We Can’t Keep Meeting Like This is a romance, but it’s also a story about reimagining your future, discovering & rediscovering passions, and coming into your own. Quinn feels a lot of pressure to keep things running smoothly, both in her family’s wedding planning business and in her parents’ marriage, and she’s afraid to tell her parents that she doesn’t want to work for their company. Her parents’ constant pressure has soured the love she once had for the harp, but when she begins to learn the art of harp-making, she starts to imagine new possibilities. Now, she’s questioning what she wants her future to look like and if she’ll ever really have the freedom to find her own way.

One of my absolute favorite things about Rachel’s books is the thoughtful, nuanced Jewish representation. Quinn and her family, as well as several background/supporting characters, are Jewish. Throughout the book, there is a subplot about Quinn’s older sister Asher getting married; through her engagement, Asher is beginning to explore her Jewish identity and becoming more observant. As a non-observant Jew who values my cultural Jewish identity, I really loved this subplot that shows there’s no one right way to be Jewish, and that all Jewish experiences are equally valid. 

In addition to the Jewish representation, We Can’t Keep Meeting Like This also includes some other valuable rep. Tarek is Egyptian-American, and there were several supporting characters who were queer and/or BIPOC. We Can’t Keep Meeting Like This also has mental health rep including OCD, anxiety, and depression. I especially loved the conversations around Quinn’s OCD, since this is a disorder that is often misrepresented in the media and widely misunderstood. While We Can’t Keep Meeting Like This is certainly a romance at heart, it thoroughly tackles mental illness stigma, normalizes mental health treatment, and deconstructs stereotypes about OCD.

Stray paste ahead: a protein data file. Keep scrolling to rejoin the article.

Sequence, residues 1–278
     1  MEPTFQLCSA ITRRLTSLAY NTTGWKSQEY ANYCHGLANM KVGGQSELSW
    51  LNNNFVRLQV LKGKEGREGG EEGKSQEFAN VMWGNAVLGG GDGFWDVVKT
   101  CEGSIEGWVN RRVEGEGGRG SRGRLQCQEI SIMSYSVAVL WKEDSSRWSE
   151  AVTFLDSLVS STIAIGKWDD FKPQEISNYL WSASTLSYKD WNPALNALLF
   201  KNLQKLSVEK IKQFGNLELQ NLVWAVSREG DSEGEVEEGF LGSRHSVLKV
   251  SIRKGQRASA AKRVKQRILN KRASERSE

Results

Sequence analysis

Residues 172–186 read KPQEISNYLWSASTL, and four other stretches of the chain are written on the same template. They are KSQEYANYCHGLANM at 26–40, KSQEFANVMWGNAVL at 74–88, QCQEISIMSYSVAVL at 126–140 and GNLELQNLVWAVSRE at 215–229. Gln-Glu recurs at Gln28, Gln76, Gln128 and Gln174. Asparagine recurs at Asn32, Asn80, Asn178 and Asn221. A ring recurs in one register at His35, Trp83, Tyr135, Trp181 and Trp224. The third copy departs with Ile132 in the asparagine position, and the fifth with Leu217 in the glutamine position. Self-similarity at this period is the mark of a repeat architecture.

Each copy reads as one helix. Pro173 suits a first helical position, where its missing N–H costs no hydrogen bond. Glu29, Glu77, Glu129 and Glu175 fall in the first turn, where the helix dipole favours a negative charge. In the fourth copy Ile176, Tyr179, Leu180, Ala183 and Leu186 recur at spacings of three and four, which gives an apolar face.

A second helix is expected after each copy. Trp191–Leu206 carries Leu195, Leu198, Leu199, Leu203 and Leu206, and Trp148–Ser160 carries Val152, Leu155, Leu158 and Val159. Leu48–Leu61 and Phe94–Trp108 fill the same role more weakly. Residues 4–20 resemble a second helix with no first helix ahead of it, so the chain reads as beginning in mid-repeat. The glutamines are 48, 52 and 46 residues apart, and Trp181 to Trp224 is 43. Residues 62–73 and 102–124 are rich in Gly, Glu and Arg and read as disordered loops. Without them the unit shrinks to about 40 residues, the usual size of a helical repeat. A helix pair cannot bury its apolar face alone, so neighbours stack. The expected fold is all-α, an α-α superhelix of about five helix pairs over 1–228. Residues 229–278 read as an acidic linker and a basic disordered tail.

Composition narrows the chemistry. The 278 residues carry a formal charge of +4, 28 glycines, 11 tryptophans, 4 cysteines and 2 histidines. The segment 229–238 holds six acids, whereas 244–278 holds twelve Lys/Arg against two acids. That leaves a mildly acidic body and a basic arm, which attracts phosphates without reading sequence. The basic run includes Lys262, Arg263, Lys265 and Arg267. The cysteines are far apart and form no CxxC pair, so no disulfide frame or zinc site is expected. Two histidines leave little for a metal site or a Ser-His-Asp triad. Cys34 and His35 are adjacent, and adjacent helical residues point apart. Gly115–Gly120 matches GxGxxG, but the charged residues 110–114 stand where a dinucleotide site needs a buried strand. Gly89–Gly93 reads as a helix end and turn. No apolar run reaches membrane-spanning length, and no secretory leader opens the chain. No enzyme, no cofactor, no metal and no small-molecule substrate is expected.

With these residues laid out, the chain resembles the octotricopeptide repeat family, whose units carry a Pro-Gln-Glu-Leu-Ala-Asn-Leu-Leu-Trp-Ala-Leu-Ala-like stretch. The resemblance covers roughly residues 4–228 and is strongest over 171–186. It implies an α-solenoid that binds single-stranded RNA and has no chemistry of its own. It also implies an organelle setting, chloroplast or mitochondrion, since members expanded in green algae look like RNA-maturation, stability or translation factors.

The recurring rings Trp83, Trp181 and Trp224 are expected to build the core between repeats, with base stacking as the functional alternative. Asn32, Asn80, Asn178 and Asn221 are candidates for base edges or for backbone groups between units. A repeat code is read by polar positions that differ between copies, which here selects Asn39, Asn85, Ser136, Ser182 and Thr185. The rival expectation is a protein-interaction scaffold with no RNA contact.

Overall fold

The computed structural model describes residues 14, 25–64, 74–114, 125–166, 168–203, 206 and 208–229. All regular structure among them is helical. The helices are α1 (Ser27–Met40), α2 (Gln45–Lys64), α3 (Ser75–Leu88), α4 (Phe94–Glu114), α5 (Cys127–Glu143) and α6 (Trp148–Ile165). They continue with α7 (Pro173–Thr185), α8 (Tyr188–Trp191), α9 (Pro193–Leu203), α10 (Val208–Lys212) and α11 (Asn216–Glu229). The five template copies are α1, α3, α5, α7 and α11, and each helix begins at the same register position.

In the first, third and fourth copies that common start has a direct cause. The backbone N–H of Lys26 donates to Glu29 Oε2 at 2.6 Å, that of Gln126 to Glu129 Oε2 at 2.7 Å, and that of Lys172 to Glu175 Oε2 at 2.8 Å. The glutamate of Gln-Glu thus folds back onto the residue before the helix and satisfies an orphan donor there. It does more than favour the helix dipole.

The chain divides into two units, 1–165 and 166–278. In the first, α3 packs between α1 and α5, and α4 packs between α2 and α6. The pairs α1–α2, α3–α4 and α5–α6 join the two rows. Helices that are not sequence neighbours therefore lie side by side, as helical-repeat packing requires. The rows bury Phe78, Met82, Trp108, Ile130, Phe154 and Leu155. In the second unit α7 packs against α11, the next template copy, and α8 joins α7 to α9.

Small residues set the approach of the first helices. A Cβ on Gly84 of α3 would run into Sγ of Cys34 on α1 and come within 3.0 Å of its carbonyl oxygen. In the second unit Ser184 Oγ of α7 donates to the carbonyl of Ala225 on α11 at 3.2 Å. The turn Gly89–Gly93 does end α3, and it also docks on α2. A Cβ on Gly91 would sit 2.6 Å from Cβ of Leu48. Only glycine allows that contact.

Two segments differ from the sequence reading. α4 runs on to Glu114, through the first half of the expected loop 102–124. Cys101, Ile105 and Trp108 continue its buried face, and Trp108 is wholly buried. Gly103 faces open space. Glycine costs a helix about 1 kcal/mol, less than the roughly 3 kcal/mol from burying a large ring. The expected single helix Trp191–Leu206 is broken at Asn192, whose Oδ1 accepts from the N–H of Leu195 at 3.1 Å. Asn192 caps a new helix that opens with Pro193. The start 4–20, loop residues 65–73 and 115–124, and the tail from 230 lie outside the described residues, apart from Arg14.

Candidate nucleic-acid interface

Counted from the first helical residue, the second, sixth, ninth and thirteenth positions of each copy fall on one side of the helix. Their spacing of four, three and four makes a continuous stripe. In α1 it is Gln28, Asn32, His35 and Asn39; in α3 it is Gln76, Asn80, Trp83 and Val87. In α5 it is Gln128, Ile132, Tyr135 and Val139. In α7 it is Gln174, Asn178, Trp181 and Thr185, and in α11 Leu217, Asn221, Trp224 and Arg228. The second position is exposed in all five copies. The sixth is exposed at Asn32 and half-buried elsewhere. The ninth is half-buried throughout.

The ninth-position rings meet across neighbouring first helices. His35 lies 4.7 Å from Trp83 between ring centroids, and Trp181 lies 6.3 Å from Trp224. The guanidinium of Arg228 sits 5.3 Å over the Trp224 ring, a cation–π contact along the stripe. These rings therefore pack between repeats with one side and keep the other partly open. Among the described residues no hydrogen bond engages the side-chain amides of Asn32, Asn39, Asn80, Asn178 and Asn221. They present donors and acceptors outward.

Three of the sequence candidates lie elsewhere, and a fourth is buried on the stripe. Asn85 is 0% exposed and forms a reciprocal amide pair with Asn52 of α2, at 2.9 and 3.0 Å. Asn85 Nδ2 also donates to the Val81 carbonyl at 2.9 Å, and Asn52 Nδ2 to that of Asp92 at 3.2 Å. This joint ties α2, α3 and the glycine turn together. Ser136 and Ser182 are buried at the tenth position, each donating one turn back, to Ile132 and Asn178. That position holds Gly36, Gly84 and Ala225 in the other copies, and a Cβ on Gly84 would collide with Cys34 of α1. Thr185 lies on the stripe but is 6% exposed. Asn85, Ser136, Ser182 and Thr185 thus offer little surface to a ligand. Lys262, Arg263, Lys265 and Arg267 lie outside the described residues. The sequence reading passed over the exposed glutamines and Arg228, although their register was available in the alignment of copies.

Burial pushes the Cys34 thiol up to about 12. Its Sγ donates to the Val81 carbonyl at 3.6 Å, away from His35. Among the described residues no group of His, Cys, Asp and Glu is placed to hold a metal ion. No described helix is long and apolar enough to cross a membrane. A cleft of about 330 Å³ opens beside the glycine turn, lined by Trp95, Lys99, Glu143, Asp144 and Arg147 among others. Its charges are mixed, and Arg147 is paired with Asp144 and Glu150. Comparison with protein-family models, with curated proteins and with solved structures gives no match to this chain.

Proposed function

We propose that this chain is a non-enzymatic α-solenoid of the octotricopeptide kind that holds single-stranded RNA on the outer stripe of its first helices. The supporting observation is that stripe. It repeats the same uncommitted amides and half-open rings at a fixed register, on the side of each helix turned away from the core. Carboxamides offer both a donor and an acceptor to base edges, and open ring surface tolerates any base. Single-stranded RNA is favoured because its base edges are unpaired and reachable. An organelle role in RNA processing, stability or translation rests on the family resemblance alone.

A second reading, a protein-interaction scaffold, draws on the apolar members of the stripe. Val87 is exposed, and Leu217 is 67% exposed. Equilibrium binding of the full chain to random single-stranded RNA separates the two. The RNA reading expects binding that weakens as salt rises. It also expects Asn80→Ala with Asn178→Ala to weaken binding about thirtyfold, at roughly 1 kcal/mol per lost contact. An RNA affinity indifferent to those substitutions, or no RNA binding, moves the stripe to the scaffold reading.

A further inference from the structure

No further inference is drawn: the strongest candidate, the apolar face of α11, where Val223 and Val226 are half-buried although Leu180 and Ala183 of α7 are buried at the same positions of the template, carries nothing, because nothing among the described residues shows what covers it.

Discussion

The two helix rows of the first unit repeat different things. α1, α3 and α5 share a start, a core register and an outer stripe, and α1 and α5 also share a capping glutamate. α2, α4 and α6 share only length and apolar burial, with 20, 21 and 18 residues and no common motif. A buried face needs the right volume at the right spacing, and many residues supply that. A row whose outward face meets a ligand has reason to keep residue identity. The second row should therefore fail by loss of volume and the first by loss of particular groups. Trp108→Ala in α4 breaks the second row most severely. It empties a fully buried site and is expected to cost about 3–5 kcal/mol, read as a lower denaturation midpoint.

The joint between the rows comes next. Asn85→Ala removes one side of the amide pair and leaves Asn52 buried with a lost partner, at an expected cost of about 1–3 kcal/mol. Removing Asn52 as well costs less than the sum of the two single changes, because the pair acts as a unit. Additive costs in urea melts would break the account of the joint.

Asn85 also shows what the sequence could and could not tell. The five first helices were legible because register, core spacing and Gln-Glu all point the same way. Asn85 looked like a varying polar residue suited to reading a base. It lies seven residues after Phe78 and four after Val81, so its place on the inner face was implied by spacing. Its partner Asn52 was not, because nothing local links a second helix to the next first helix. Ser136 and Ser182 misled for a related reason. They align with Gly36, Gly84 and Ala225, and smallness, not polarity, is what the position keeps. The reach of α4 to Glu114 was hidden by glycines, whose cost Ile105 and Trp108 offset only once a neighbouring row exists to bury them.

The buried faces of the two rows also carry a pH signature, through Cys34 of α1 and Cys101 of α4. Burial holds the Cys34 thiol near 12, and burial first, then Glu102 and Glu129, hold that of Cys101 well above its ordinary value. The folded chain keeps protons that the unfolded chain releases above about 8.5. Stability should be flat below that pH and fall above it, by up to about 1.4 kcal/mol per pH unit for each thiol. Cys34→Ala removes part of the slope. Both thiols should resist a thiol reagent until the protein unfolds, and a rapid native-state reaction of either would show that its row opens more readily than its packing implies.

Rachel Lynn Solomon is one of my favorite authors for so many reasons: the witty voices she creates, the authentically messy characters, and the palpable tension and chemistry she crafts between characters. Quinn and Tarek both felt like fully fleshed out characters who both have dreams, fears, and traumas, and I loved how different they were. Quinn had such a strong sense of voice, and I literally laughed out loud at multiple points while reading. I especially adored the little nods to rom-coms like Sleepless in Seattle throughout the book. The summer weddings setting gave the book a romantic, whimsical atmosphere, while the themes of mental health, familial expectations, and fears of the future created balance–making We Can’t Keep Meeting Like This everything I look for in a YA contemporary. 

We Can’t Keep Meeting Like This was one of my most-anticipated reads of the year (as Rachel’s books always are, if we’re being honest) and it was everything I wanted and more. It’s a must-read if you like rom-coms, the opposite attracts trope, or stories set in the wedding industry. As I type this, I’m sitting at my window waiting not-so-patiently for my pre-ordered copy to arrive so I can finally have it on my shelves. I’ll be recommending We Can’t Keep Meeting Like This to fans of Marisa Kanter, Kristina Forest, or Gloria Chao–while I count the days until another gem from Rachel.

Thank you to Simon & Schuster Books for Young Readers for the review copy!

Happy reading! Ari